This article explores the issue of ethnic attributions versus options pertaining to Jewishness in Germany. The methodology is a combination of standard ethnographic fieldwork with Berlin-based high-school students before, during and after visits to the Jewish Museum Berlin (JMB) and auto-ethnography detailing and analysing my own experiences in and outside of the research sites. My goal is to illustrate particularities of interactions in sites like the JMB by contrasting the way in which Jewishness is handled in and outside of the standardised research situation. Further, the material points to continuities between anti-Semitism and Islamophobia. My analysis aims to open up further, productive discussion on this point.
Auto-ethnographical Reflections at the Jewish Museum Berlin
Victoria Bishop Kendzia
Tal Litvak-Hirsch, Dan Bar-On, and Julia Chaitin
This article explores issues of identity and "otherness" by looking at the construction of Jewish-Israeli identity among Jewish-Israeli young adults in relation to two main external others, Germans and Palestinians. Our main thesis is that the construction of Jewish-Israeli identity is connected to their perceptions of these two different external "others." This argument is discussed from both a theoretical and an empirical point of view. We suggest two modes of discourse that represent the ways in which German and Palestinian "others" are perceived in Jewish-Israeli society, and then demonstrate the interrelationship through examples from interviews conducted with Jewish-Israeli university students who participated in a seminar that touched on topics connected to the Holocaust past and the present Palestinian-Israeli conflict.
family crossed Yugoslavia and Austria ending in Germany. My grandmother and her family arrived in Austria by way of Hungary. Both families traveling by foot, walking alongside covered wagons, learned additional languages and cultures, until years later
The Repatriation of Human Remains from European Collections as Potential Sites of Reconciliation
This Forum contribution builds on the ethnographic engagement with restitution projects as places of transcultural encounter. Based on data collected in 2019 during repatriation ceremonies in Berlin and Leipzig, I show how a responsibility for human remains that was shared between European museums and Australian Indigenous custodians set in motion processes of healing, both among Indigenous groups and those working with these collections in Europe. I further argue that ethnographic museums change in these processes from supposedly passive exhibition spaces to spaces of socio-critical engagement. Finally, I explore the decolonial potential of such collaborative engagements with heritage within and beyond European borders that are motivated by provenance research and repatriation practices.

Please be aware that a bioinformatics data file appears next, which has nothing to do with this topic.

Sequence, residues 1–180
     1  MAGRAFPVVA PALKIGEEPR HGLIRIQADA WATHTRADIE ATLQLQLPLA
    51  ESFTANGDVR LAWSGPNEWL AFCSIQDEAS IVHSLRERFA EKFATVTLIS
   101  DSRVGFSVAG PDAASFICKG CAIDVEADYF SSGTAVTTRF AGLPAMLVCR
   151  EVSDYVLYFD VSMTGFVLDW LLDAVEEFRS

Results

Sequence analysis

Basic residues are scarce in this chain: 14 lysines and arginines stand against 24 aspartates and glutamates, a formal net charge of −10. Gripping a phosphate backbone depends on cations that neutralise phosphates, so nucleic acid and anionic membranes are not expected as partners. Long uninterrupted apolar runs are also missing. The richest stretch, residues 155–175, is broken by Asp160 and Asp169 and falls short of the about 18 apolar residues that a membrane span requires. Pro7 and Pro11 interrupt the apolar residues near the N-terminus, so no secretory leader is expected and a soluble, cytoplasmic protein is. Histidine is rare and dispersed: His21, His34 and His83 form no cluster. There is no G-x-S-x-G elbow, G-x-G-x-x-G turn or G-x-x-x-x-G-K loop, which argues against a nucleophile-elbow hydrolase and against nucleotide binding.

The Israeli Communist Commemoration of the Spanish Civil War, 1936–1986
Communist League (Banki). 1 The Communist cult regarding these volunteers will be analyzed in light of two parallel phenomena: the cult of the Spanish volunteers that developed in the West, as described by George Mosse (1990) , and the East German state
A Transnational Reading of Women's Life Writing about Wartime Rape in Germany and Bosnia and Herzegovina
Agatha Schwartz and Tatjana Takševa
In this article, through the narratives of women survivors we explore the effects and transgenerational consequences of rape during two twentieth-century episodes of armed conflict: the end of World War II in Germany and the war in Bosnia and
Sex, Gender, and Emotions among Polish Displaced Person in the Aftermath of World War II
Adam Tomaszewski, a Polish soldier imprisoned in Nazi Germany, remembered liberation and the first days of freedom as “bacchanalia,” “revue of the absurd,” and “chaos.” Like many other liberated Poles, he invoked images of indulgence, sex
An Essay on the Status of Socio-cultural Anthropology in the German-speaking Countries
In response to the fine initiative by Alexei Elfimov, the present essay discusses the status of socio-cultural anthropology in the German-speaking countries in shifting contexts of past and present. I will focus here on three main themes, namely, socio-cultural anthropology as seen by a wider non-academic public, its status and terminology within wider academic contexts, and the internal differentiations among anthropologists in the German language zone with their unequal access to the public.
Leah Rosen and Ruth Amir
This study is part of a wider research, which examines different strategies of exclusion and inclusion in public discourse and in the construction of collective memory in Israel. At the beginning of the 1930s, following the great economic crisis and the rise of National Socialism in Germany, a plan was conceived to send Jewish German youth to Palestine. Thus began the Project of Youth Aliyah, and with it the debate within the Zionist Movement and the Yishuv in Palestine on the proper station of immigrants in the emerging Israeli national identity. We characterize the discourse on the young refugees in the 1930s by highlighting two issues: first, the aims of the project for the emigration of Jewish German youth; and secondly, the national identity which should be inculcated in these young immigrants.
Nimer Sultany, Shulamit Almog, Gad Barzilai, Clara Sabbagh, and Pieter Vanhuysse
The Making of an Underclass: The Palestinian Citizens of Israel Nimer Sultany
Between Citizenship, Equality, and Law: The Language of the Summer 2011 Social Protests Shulamit Almog and Gad Barzilai
How Do Israelis and Germans Assess the Justice of Their Pension System? Clara Sabbagh and Pieter Vanhuysse